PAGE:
The biggest myth being propagated regarding pure metro-ethernet or carrier ethernet is that there are 4094 VLANs available network wide for a provider network. This is simply not true. There are 4094 VLANs available on each switched path. So the VID(vlan id) cannot be reused along the path from point a to point z, but can be reused anywhere else in the network as long as the paths are separated. Larger pure ethernet aggregation devices allow for traffic classification up to two tags deep. This allows for up to 16.7 million paths on a device of this nature, which should be used to aggregate devices that can only classify traffic based on 4094 VLAN ids. So with proper network design, in most networks VLAN exhaustion is not an issue if the network is designed appropriately. The network should be designed so that devices supporting large MAC tables and traffic classification of two tags are interconnected, and they act as an aggregator for less expensive, smaller mac table, one tag switches in attached rings and segments. Attaching these devices to interconnect larger areas provides for the theoretic possibility of up to 16.7 million unique paths between these devices, limited only by the device processing and memory capabilities. In a properly designed geographically significant modular network, more expensive services such as MPLS and PBT can be postponed or eliminated entirely. VLANs are locally significant only.

Another myth is that RSTP convergence takes many seconds. In certain situations and with some equipment this may be true. However, some vendors are offering devices that will converge RSTP in sub-50ms with little to no planning or effort. Advanced network planning may be required to achieve these speeds in certain situations, but it is possible with certain vendor's RSTP deployment. Problems with spanning tree in many instances arise from poor planning, design, and deployment. Spanning tree should be segmented and designed in small domains to be successful. A spanning tree domain is an area in which BPDUs will propagate. While advanced features of MSTP can be utilized, so can building manual spanning tree domains with legacy RSTP by disabling or blocking BPDUs on certain planned segments. In this way you create domains of segments and rings where spanning-tree is enabled, and keep the segments manageable. It is also essential to chose a root bridge and backup root bridge carefully. Path-costs should be modified so that the network administrator knows exactly what will happen to the traffic in the event of a failed segment anywhere in the network.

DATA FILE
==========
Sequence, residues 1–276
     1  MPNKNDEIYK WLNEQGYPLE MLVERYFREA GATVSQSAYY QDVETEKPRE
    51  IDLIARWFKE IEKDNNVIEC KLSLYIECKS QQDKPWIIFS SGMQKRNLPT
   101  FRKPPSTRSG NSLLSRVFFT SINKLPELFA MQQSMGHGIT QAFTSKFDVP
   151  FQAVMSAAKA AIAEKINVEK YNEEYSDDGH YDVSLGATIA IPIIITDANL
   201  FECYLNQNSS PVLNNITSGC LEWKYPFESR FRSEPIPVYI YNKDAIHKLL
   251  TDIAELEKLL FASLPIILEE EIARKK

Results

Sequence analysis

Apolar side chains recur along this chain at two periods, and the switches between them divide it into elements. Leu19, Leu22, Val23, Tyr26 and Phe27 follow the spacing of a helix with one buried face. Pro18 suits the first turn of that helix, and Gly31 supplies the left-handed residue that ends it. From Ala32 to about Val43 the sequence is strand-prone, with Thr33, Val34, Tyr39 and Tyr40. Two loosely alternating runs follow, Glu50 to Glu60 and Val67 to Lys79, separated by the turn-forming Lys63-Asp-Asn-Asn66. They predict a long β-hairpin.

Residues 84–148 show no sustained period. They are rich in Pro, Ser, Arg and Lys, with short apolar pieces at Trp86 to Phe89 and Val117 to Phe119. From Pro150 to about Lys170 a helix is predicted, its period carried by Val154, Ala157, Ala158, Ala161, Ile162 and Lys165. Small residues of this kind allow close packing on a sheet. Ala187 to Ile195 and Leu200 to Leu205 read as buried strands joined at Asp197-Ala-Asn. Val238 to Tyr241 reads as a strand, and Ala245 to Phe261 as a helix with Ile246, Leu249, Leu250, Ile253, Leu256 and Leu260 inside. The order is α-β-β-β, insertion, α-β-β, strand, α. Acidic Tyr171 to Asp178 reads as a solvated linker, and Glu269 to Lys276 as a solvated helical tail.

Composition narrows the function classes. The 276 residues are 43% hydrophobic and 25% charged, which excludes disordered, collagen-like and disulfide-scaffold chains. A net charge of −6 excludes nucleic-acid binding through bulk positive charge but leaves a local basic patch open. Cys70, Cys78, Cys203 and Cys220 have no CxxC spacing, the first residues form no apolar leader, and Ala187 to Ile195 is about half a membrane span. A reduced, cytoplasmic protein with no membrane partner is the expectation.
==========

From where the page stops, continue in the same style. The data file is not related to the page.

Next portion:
Another myth is that L2 metro-ethernet connections remove the need for using L3 routers or L3 switches. This is also not true. While equipment will operate just fine over your new metro-ethernet gear on L2 without a router. The whole point is to provide low latency transport. Why send unnecessary broadcast traffic over a metro-ethernet connection that you are probably paying for by Mbps? In most situations routing over your metro-ethernet connection will keep your broadcast traffic down to a bare minimum and help utilize your connection's bandwidth for real traffic, not superfluous packets. This is especially important with more and more nodes on each end of the connection. Routers are not very expensive. If you are paying out hundreds or thousands monthly for a metro-ethernet connection, spend the extra money and get a good router.